Some foods especially grains may be contaminated with fine powder from the prohibited grains. This happens when certain food items are processed in the same machinery as those that are used to process gluten-containing grains. Try to purchase those food items that have been tested for the presence of gluten. Only those that contain about 20 ppm or less are acceptable.
All fresh fruits and vegetables are gluten-free. However, certain circumstances would lead to the presence of gluten in their surfaces. Furthermore, certain processing practices call for the addition of gluten to the fruit or vegetable as a kind of flavouring or thickener.
Meat products are also gluten-free granting that their preparation and cooking process did not involve any gluten-containing products. Adding soy sauce and malt vinegar as a marinade or using flour as breading can incorporate gluten to an otherwise no-gluten food.
Dairy products are generally gluten-free except for malted milk drinks.
Healthy fats and oils are also generally gluten-free except for those that have gluten mixed in them for flavour and thickening.
Beers, ales, non-distilled liquors, and other malt beverages may contain malt, barley, and other gluten-containing grains. You should avoid these drinks.
Spices, sauces, and condiments may contain gluten because it is added to them as flavour enhancers, stabilizers, and emulsifiers. Watch out for the following when choosing spices, sauces, and condiments; maltodextrin, malt, wheat flour, and modified food starch. All of these are gluten-containing additives.
You’ve got to be careful with pharmaceuticals. Some drugs have wheat gluten in them to act as a binding agent.
The bottom line is just to read food labels carefully. If possible read the label of all of the ingredients used to prepare a dish. Watch out for gluten-containing ingredients that are not so obvious like malt and hydrolyzed vegetable protein. Be extra careful with processed cheese spreads, flavoured yoghurts, canned fruits, and canned vegetables. They are highly likely to contain added gluten. When eating out, do not be afraid to approach your server or the chef regarding your dietary needs. It is their job to serve food that is safe.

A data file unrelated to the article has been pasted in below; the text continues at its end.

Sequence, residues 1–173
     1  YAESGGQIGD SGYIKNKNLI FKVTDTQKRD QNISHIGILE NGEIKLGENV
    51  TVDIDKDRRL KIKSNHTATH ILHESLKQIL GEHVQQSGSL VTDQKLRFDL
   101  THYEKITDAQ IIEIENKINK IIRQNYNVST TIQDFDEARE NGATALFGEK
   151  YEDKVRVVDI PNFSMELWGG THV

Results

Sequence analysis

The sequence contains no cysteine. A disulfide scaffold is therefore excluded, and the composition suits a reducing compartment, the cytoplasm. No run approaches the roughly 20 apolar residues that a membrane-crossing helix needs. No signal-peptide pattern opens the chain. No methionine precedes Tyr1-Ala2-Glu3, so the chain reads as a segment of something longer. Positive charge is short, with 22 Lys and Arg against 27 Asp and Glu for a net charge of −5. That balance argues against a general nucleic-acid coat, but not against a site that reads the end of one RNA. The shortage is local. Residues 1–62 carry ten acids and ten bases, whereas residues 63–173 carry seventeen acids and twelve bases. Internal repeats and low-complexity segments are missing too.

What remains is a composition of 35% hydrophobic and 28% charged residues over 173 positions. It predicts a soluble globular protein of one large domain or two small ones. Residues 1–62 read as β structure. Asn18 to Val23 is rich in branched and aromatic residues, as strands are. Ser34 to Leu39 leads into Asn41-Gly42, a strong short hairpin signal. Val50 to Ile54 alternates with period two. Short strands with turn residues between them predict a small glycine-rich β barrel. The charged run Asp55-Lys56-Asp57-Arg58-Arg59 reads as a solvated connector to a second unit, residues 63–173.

Gluten Free Healthy Recipes
1. Gluten-Free Caprese Panini
- Two BFree gluten-free panini rolls
- One mozzarella ball
- 2 to 4 tablespoons of pesto
- Two medium ripe tomatoes
- A handful of rocket leaves
- Himalayan salt and pepper
- Cut the panini rolls in half and spread pesto on each side
- Slice the mozzarella ball keeping in mind that you will divide them equally between the two panini rolls
- Slice the tomatoes and divide it equally between the two panini rolls
- Add in the rocket leaves
- Use a toasted sandwich maker or dry frying pan to melt the mozzarella inside the panini rolls
2. Garofalo Mafalda Corta with mushrooms and gorgonzola
- 300 grams of Garofalo gluten-free Mafalde Corta
- 2 cloves of garlic that crushed and with their skin kept
- 250 grams of field mushrooms that are washed and cleaned
- 3 tablespoons of Extra virgin olive oil
- 70 grams of Gorgonzola (or Stilton as an alternative) broken into pieces.
- 3 tablespoons of finely chopped parsley
- 3 tablespoons of Parmigiano or Grana Padano cheese
- Black pepper and Himalayan salt to taste
- Boil enough water that it would immerse all of the pasta
- Add some salt and a little bit of oil once the water boils
- Add the pasta and let it cook for 9 minutes and stir occasionally
- While the pasta is cooking, take a large frying pan and saute the garlic with some olive oil.
- Once the garlic changes colour a bit, add the mushroom until it is tender or until the garlic turns golden brown in colour.
- Once the garlic and mushrooms are cooked, melt the gorgonzola in this pan.
- Your pasta should be ready at this point
- Drain them and mix them with the ingredients in your pan
- Add parsley, black pepper, and salt
3. Gluten-Free Snacks
Gluten-Free Cheese on Toast with Tomato
- Three Slices of Gluten-Free Bread
- 40 grams of Cheese, preferably Cheddar
- 34 grams of Salad Leaves, preferably Sweet & Crispy
- 100 grams of Cherry Tomatoes
- Slice or grate the cheese
- Cut the tomatoes into flat disks
- Place the tomatoes on top of the sandwich
- Then place the sliced or grated cheese
- Toast the bread, you may use a toasted sandwich maker or you may use a frying pan that has a thin layer of butter
- Wait until the cheese has melted
- Serve and enjoy
Gluten Free Diet Plan
To lessen the likelihood of accidental gluten consumption. It is best to prepare meals on your own. Aside from that, meals are easier to prepare when they are planned ahead.
|Overnight Chia Seed Pudding
|Chicken Lentil and Vegetable Soup